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There is a good selection of leaflets available here covering worship, baptisms, weddings and funerals. These are very well written and fulfil a need. There is a guide on sale and a selection of greetings cards as well as mugs, pens, bookmarks, key fobs and tea towels. Some 7 people had put entries in the visitor’s book in the last month. There is also information about the Guild of All Souls (see http://www.guildofallsouls.org.uk/ for details of this).

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What is good about this church is the thought that has gone into enabling prayer. Not only is there information about the Guild of Souls, but there is a nice votive stand set in the Chapel of St. Catherine of Alexandria with prayer request cards.

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One thing that caught my eye was this sign—-

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I have never seen this done before. Here is a church which takes the lectionary seriously! The church website is at http://www.stmarysburnham.co.uk which has a lot of information on it but could do with something specifically about visitors.

St. James the Less, Hadleigh (Essex)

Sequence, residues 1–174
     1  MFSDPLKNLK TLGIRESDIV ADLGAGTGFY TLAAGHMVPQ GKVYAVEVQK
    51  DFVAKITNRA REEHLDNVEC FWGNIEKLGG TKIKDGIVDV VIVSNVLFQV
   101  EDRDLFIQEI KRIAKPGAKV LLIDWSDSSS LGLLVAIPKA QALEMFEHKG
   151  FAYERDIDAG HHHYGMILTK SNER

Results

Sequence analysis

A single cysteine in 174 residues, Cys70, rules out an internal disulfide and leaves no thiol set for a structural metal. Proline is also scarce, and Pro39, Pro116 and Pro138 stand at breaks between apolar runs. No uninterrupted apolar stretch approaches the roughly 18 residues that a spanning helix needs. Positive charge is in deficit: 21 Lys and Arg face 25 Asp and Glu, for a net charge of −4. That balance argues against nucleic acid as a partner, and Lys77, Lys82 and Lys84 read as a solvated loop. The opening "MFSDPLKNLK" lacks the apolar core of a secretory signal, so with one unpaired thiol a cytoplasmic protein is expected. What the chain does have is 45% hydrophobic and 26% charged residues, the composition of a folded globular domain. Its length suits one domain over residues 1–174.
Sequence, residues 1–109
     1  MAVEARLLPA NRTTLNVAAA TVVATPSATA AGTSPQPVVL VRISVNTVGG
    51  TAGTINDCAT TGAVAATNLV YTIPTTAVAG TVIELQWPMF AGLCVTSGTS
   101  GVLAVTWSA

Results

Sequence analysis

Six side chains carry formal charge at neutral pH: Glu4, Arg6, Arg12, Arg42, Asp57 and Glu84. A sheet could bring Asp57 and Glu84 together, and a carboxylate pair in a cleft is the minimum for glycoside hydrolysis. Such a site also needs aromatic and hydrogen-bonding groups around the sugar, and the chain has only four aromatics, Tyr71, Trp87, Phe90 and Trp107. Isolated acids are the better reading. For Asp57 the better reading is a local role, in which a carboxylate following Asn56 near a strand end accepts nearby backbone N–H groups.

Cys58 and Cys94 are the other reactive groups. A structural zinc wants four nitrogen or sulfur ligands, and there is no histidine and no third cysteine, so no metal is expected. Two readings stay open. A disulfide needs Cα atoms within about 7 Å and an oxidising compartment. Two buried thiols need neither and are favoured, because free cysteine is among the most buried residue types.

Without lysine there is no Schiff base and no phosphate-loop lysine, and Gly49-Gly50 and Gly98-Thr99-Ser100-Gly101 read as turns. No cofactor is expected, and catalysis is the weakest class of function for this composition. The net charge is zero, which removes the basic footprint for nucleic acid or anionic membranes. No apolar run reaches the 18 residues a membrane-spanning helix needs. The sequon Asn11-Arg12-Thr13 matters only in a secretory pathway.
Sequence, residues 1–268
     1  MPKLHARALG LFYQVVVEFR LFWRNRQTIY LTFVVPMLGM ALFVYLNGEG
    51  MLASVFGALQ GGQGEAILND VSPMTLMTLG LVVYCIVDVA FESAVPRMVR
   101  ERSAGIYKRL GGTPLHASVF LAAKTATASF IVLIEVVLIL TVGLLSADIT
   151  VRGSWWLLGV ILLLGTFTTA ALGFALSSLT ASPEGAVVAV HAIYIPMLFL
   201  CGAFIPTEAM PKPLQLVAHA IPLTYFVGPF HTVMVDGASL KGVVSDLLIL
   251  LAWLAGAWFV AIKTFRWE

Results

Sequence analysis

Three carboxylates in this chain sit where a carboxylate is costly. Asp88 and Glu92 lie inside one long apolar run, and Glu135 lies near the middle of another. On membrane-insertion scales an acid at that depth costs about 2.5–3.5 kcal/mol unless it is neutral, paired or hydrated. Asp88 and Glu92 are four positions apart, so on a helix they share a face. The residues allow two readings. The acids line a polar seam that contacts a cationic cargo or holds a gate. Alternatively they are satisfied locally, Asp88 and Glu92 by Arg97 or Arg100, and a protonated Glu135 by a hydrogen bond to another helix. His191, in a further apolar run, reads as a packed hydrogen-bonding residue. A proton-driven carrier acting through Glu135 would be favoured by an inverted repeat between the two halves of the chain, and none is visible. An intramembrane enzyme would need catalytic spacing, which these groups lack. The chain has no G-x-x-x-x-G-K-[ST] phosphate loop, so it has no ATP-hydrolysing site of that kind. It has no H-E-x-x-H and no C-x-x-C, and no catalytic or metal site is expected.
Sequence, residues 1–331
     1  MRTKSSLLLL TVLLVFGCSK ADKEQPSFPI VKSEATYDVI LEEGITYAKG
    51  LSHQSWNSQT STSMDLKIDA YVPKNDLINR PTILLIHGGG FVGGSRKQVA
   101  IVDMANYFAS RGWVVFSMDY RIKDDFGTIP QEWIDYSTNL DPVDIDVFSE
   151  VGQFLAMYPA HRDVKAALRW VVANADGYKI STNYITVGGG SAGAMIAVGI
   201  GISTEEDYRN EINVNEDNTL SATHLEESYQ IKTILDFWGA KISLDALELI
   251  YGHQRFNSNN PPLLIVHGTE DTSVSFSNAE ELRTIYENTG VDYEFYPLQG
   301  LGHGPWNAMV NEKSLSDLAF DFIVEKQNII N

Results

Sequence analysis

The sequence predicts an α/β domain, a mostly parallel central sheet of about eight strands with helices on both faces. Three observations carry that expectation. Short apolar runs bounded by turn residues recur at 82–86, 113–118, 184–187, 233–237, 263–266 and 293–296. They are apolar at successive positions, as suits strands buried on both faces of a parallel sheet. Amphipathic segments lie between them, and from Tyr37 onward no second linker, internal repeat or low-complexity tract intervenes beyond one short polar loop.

St. James the Less, Hadleigh

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I have been staying in London for a few days. It has been very hot so it was good to escape to the Essex countryside today and explore a few places, one of which was Hadleigh. A bustling place on the busy A13. It was unfortunately locked – as many churches seem to be in Essex. There is a church website at http://www.hadleighchurch.org.uk which doesn’t give any details of when the church might be open outside of service times. All rather disappointing.

 

The Church Tourism Study

Welcome to the website of the Church Tourism Study. Here you will find details of some of the churches I have visited so far about 700 now.DSCN0510

The aim of this study is to gain an idea of what is being provided for the many visitors to or churches. This seems to be a growing phenomena and many churches are surprised at just how many visitors they are getting. Our Monday to Saturday congregation is often much bigger than our Sunday one but the provision churches are making for their visitors is patchy. Some are very good and some are very poor. You will find examples of all these here.  There is a bias towards the south of the country because of where I live. The Church Tourism Study is now located in Dorset.

My latest project is a survey of the churches of Hertfordshire and you can find some of these entries here, not all churches I have visited are put on this site. This has been very enjoyable with some interesting churches in this often overlooked county.